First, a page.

New Technologies for Families


 

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Project description

This project has two main contributions:

1)    We developed a new methodology for designing technologies for and with families called technology probes. Technology probes are simple, flexible, adaptable technologies introduced into families' homes with three interdisciplinary goals: the social science goal of collecting data about the use of the technology in a real-world setting, the engineering goal of field-testing the technology, and the design goal of inspiring users and designers to think about new technologies.

2)    We developed and evaluated a system facilitating the sharing of calendar information between remotely located family members. Depending on their preference, some users enter information into computerized calendars, while others handwrite on digital paper calendars. All of the information is automatically viewable by everyone in the family.

Background – The interLiving project

From 2000 to 2003 we participated in the Interliving project, a European Union sponsored project that brought together families and researchers in computer science, sociology and education with the goal of developing technologies that will encourage communication, collaboration and creativity. Researchers from the  University of Maryland, the Royal Institute of Technology in Sweden, the Laboratoire de Recherche en Informatique de l'Universite de Paris Sud and the Institut National de Recherche en Informatique et Automatique in France joined together to create new technologies that support co-located and distance communication and coordination.

We recruited 3 extended families in Sweden, 3 in France and one in the United States; There were workshops with colleagues and with families, numerous home visits and interviews. Based on the needs of the families each project team developed prototypes A strong focus of our work is to develop new participatory design techniques for working with families. One of those techniques is to use Technology Probes as a way to learn more about communication patterns in families and to serve as a catalyst to the design of new technologies.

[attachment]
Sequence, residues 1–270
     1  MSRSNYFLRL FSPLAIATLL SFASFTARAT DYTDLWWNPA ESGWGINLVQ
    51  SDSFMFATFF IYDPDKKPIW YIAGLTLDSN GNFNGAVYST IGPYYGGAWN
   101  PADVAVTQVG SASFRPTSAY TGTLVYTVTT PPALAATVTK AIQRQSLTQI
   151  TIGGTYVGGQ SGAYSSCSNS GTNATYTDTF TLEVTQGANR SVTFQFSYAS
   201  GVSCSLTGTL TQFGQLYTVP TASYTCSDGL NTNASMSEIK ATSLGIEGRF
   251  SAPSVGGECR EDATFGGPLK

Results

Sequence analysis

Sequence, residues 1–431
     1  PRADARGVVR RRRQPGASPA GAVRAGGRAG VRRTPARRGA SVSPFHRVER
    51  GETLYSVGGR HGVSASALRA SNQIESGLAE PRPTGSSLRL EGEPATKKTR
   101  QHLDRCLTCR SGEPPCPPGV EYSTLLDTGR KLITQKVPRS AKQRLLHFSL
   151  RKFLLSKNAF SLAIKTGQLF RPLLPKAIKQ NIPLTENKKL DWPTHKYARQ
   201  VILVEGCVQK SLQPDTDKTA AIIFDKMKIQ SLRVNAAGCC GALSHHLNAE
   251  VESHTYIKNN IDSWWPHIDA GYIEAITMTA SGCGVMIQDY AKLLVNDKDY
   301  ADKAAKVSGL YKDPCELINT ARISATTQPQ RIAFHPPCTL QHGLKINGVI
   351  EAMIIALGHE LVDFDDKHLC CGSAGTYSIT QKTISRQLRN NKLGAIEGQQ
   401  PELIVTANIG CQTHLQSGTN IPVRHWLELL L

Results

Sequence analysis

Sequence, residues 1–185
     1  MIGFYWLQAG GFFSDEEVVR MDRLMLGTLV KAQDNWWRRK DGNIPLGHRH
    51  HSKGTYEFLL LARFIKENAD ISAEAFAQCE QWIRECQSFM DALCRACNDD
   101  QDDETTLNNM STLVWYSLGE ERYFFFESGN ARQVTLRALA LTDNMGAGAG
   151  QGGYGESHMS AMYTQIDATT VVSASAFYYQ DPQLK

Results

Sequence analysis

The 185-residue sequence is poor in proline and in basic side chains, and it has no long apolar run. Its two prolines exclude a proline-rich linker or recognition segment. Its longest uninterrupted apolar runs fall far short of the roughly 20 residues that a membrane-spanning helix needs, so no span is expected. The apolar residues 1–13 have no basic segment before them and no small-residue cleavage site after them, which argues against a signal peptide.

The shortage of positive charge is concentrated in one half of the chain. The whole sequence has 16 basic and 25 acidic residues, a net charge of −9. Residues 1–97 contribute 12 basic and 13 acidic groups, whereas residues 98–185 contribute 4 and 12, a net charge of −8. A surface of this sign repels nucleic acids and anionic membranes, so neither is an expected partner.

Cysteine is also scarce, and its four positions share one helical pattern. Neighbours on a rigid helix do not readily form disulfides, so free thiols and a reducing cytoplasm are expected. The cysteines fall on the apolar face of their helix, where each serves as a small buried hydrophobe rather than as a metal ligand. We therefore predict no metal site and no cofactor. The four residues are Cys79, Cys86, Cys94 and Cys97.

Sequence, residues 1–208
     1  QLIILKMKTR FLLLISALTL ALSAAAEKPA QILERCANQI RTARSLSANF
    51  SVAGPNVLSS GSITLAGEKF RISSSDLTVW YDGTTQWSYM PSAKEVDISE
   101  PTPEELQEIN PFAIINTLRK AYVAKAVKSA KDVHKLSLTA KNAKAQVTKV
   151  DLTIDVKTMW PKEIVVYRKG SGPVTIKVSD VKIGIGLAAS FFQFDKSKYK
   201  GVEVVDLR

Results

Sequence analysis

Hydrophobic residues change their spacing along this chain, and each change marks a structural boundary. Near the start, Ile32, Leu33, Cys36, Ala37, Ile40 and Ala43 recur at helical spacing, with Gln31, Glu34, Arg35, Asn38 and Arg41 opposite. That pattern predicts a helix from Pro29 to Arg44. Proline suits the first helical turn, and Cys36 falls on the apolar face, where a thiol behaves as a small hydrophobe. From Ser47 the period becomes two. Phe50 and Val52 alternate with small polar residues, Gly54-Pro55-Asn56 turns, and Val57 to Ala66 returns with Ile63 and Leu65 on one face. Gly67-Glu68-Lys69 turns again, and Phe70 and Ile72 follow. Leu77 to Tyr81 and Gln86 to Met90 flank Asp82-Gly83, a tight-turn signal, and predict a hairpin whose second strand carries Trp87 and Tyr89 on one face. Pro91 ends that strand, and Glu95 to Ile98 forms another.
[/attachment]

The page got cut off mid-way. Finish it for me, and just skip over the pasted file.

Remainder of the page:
One of the technology probes in use in families was the interactive Family Message Board.

UMd Participants:

Catherine Plaisant, Associate Research Scientist, HCIL
Ben Bederson, Assistant Professor, Computer Science
Aaron Clamage, Faculty Research Assistant

Allison Druin, Assistant Professor, College of Education
Hilary Hutchinson, PhD Graduate Student, Computer Science
 The 7 families who worked with us.

And our Interliving project partners in France and Sweden.

Publications and reports:

      Catherine Plaisant, Ben Bederson, Aaron Clamage, Hilary Hutchinson, Allison Druin (October 2003) 
         
Shared Family Calendars: Promoting Symmetry and Accessibility
          HCIL-2003-38
          (see also a long version prepared as an internal interLiving report)

Hutchinson, H., Bederson, B.B., Druin, A., Plaisant, C., Mackay, W., Evans, H., Hansen, H., Conversy, S., Beaudouin-Lafon, M., Roussel, N., Lacomme, L., Eiderbäck, B., Lindquist, S., Sundblad, Y., and Westerlund, B. (September 2002)
Technology Probes: Inspiring Design for and with Families
HCIL-2002-16

Hutchinson, H., Bederson, B.B., Plaisant, C., and Druin, A. (October 2002)
Family Calendar Survey
HCIL-2002-21

Browne, H., Bederson, B., Plaisant, C., Druin, A. (September 2001)
Designing an Interactive Message Board as a Technology Probe for Family Communication
HCIL-2001-20

Related Events:

Our first Technology for Families Workshop took place during the 2001 HCIL Symposium and Open House
The Second New Technology for Families Workshop is part of the CHI 2002 conference in April 2002

Sponsors and Partners:

This project is supported in part by:

-  Microsoft Research, and

- the European Union (for more details see the Interliving project main website)